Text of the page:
Brin’s response is: Tough noogs, Bub. The Internet Never Forgets. You can’t burn data to the ground when they’ve already been copied and recopied and stored in a million backup repositories throughout a network designed to remain operational after a nuclear war.
He’s got a point.
My porn-surfing habits from 2011 are probably immortal by now. I’ll never be able to disown this blog post no matter how many religious conversions I experience down the road. CSIS probably knows all about that little sniper reticle I superimposed on the forehead of a cat-cuddling Stephen Harper last decade. Those ships have sailed.
But that doesn’t mean we have to keep launching new ones.
There’s no shortage of online posts listing the various ways one might protect one’s privacy, from asymmetrical haircuts to sticking your cell phone in a Faraday Cage. Some are really obvious: if you don’t want your TV spying on you, don’t get a smart one(2). (Dumb TVs are cheap these days— we just bought one a couple of weeks back— because everyone’s clearing their warehouses to make room for new devices that come with HAL-9000 as standard equipment. When you can’t get a dumb TV any more, go dumber: my last 47-incher was basically just a monitor with a bunch of input jacks.) Keep your deepest secrets on a computer that’s completely isolated from the internet. Encrypt everything. Stay the fuck away from Facebook.
Start a Cylon Solutions boutique that specializes in backlash technology, machinery too dumb to be used against you(3). Start a franchise. Make it a thing. Hell, if vinyl staged a comeback decades after the entertainment industry banished it to the wilderness— if analog tech has become cool again for no more than the audio aesthetic— how much more potential might there be in a retro movement founded on the idea of keeping Harper and Obama out of our bedrooms?
Of course, not everyone cares enough to put in the extra effort. I was ranting to a friend the other day as she booted up her smart TV, ran down the usual list of grievances and suspicions and countermeasures. She listened patiently (as you know, I do tend to go on sometimes), and finally drawled “You know, your arguments all make sense, but I just don’t really care.” A lot of people, seduced by the convenience of the tech and unwilling to make their own soap from scratch, are indifferent to the panopticon. I wish them well.
But to many of us the Snowden revelations have provoked a backlash, a renewed interest in drawing a curtain back across our lives. That backlash seems to be provoking an uptick in privacy measures that are actually easy to use, convenient enough for even the surveillantly-indifferent to embrace. Cyberdust is a free app that encrypts and anonymizes your communiqués, then burns them to the ground after they’ve been read no matter how often David Brin weighs in on the impossibility of such a feat (although you may want to stay away from Snapchat for the time being). Chrome’s new “End-to-End” encryption add-on has got so much recent press it’s barely even worth embedding a link. (Let us take a moment to reflect on the irony of Google in the role of privacy advocate.) And Snowden’s gift has also weakened the nonelectronic channels through which government spying often passes— the security letters, the secret back-room demands for data which corporations were only too happy to turn over before their clients knew what they were doing. Now it’s out, and customers are deserting in droves; see how Apple and Facebook and Microsoft have seen the light at last, now that their bottom lines are threatened. See how they’ve all pledged to give up their evil ways and join the Occupy movement. It’s not just Teksavvy and Lavabit any more; now even the lapdogs are showing a couple of teeth. (Whether they actually bite anything remains to be seen, of course.)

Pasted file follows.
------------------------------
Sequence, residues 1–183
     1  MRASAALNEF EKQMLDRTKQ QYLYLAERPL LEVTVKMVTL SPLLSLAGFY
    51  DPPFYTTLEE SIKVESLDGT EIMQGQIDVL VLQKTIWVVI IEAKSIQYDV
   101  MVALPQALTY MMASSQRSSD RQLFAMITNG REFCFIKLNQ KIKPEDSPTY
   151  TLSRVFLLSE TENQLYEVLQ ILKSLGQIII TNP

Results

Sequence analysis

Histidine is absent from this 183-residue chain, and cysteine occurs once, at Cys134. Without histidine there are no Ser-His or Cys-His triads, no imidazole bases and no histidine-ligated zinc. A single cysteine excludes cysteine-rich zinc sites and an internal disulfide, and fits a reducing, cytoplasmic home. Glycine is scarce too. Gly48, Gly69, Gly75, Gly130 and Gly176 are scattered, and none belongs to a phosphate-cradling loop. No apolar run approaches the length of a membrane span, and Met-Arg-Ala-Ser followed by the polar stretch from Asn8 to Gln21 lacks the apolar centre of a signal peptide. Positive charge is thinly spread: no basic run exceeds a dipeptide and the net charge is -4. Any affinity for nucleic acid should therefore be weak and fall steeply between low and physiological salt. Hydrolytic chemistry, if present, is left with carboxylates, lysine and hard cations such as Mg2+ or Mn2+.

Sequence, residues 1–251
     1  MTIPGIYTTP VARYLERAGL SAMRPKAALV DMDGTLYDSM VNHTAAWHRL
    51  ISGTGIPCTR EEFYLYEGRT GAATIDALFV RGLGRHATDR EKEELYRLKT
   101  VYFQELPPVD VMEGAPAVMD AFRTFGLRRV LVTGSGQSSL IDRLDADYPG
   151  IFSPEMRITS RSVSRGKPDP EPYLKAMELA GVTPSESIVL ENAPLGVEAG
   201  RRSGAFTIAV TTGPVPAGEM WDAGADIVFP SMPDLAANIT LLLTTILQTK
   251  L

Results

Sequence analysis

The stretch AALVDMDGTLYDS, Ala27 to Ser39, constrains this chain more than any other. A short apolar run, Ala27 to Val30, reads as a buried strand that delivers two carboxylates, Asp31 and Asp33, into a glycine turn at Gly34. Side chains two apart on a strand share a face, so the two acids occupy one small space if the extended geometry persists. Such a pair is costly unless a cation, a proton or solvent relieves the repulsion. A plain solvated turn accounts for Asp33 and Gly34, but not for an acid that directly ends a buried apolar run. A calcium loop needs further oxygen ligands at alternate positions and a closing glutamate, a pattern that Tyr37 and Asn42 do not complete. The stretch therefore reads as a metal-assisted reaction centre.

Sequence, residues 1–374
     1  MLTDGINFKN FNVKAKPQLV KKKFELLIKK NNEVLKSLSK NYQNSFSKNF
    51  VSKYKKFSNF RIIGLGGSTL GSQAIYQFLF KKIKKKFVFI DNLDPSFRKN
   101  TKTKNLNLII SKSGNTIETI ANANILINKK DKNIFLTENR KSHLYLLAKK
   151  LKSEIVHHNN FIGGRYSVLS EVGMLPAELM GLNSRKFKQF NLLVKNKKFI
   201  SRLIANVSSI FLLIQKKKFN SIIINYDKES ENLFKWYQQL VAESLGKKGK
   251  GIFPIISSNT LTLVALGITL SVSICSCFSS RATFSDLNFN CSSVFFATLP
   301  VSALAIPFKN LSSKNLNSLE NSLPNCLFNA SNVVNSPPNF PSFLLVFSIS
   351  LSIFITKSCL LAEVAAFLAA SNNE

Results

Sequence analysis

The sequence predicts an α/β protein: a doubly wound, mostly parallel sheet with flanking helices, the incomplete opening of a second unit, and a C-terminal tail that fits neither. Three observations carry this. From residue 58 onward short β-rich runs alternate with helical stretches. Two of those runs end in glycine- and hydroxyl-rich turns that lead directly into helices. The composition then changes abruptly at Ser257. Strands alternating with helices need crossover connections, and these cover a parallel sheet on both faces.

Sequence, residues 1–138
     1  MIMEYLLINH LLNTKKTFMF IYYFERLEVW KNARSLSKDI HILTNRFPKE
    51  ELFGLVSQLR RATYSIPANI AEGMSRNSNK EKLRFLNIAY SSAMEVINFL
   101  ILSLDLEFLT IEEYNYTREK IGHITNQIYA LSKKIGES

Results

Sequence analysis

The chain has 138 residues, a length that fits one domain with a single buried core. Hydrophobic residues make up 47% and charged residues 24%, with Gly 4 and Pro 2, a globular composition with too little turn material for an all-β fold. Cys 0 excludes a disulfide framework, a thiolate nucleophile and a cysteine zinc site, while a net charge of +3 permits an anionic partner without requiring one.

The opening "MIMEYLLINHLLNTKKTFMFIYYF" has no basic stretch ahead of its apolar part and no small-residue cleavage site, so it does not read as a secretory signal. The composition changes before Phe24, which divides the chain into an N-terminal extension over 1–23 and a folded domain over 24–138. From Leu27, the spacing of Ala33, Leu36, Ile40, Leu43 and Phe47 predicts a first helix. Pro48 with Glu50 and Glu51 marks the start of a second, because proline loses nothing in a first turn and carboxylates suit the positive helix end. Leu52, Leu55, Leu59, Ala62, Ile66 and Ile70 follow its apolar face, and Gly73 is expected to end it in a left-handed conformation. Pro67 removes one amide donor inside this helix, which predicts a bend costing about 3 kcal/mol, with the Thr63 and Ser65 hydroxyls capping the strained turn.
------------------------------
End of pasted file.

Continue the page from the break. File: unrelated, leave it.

There may even be some utility yet to be squeezed out of direct legislation, notwithstanding my skepticism about cat-authored laws. Sure, if you tell the spooks they can’t spy on you, they’ll just do it anyway and lie to Congress about it afterward. But what if you pass a law that cuts their budget— reduces their allowance so they can’t afford to spy on you, whether they’re allowed to or not? We’re about to find out, if the House of Representatives’ recent amendment to a Defense appropriations bill makes it past the Senate.
If worst comes to worst, just break the law. It serves them, not us, and they can’t put all of us in jail.